Perhaps I should rephrase that to cleaver people find ways round the system. I have always been sceptical about the usefulness of IQ in recruitment. Measuring an individual's ability to spot patterns and predict the next in the sequence identifies those who are better at it but doesn't offer a reliable indicator of future effectiveness as a manager. However this does not mean I wasn't curious to know my own IQ . I bought I book by a well know author on the subject with the title " Know your own IQ". The book explained the " science" behind the concept of IQ and had a series of tests. A chart gave you your IQ based on the number of correct answers. The introduction explained that your IQ could be improved with practice at doing the tests. So I was not too disappointed at my initial score. The book informed me that the average university student scored 120 so that was my target. I completed several tests and having failed to hit my target gave up.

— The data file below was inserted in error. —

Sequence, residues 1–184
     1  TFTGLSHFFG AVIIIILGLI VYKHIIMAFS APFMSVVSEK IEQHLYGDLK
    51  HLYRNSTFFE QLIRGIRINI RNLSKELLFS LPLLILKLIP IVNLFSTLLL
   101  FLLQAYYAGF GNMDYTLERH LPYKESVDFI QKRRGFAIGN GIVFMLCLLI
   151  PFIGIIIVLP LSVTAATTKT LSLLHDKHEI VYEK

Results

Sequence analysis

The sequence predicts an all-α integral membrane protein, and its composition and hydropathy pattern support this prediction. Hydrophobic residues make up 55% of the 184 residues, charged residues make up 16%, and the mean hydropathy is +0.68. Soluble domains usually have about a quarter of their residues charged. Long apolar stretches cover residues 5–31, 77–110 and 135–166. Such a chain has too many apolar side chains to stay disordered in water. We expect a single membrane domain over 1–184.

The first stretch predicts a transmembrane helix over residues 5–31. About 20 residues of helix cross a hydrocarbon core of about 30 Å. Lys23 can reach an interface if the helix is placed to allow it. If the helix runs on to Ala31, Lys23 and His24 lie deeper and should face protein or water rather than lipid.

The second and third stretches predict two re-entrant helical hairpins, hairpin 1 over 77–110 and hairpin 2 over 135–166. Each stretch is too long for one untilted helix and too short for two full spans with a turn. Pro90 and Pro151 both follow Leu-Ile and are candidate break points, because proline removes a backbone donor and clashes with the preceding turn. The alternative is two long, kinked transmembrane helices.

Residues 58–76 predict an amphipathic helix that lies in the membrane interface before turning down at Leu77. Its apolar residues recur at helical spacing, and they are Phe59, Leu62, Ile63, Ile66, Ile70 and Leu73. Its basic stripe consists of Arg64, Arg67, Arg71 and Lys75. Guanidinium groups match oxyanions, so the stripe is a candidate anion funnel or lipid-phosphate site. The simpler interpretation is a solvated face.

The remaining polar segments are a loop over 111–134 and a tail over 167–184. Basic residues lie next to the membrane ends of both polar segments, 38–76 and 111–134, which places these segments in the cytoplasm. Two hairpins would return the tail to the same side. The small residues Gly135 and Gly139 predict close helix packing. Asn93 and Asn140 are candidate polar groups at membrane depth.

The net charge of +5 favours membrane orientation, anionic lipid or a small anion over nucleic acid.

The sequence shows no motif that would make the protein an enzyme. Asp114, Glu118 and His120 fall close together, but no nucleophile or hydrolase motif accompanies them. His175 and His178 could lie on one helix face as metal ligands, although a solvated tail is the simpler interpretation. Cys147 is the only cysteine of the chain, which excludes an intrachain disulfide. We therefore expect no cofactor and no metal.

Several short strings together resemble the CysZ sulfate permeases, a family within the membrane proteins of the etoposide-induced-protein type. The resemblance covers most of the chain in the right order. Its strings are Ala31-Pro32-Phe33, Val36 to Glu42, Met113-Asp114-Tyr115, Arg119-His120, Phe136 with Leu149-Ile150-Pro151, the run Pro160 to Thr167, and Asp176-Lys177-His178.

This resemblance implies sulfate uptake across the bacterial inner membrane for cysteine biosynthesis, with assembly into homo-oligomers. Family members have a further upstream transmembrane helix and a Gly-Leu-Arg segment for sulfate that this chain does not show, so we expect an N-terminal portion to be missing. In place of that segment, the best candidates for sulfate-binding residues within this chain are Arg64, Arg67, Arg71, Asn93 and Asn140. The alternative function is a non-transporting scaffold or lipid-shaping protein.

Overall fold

Over a drink in the pub I recounted my experience to my friend, Roger. I assumed he would agree with me that I was cleaver and IQ tests were rubbish. Instead he said , did this book have the answers at the back? Yes I said. Did you look at the answers? No I said affronted at the idea. Then he said " well if your not smart enough to cheat and lie about it your score is probably right".
My experience as a senior manager has only confirmed the wisdom of my friend. People who swiftly climbed the career ladder were not necessarily the most talented , most committed or the most effective just better at finding ways round the system. In some cases that was getting the best out of HR and Finance in others it was over stating their achievements and taking the credit for the work of others.
Blair McPherson former director, author and blogger www.blairmcpherson.co.uk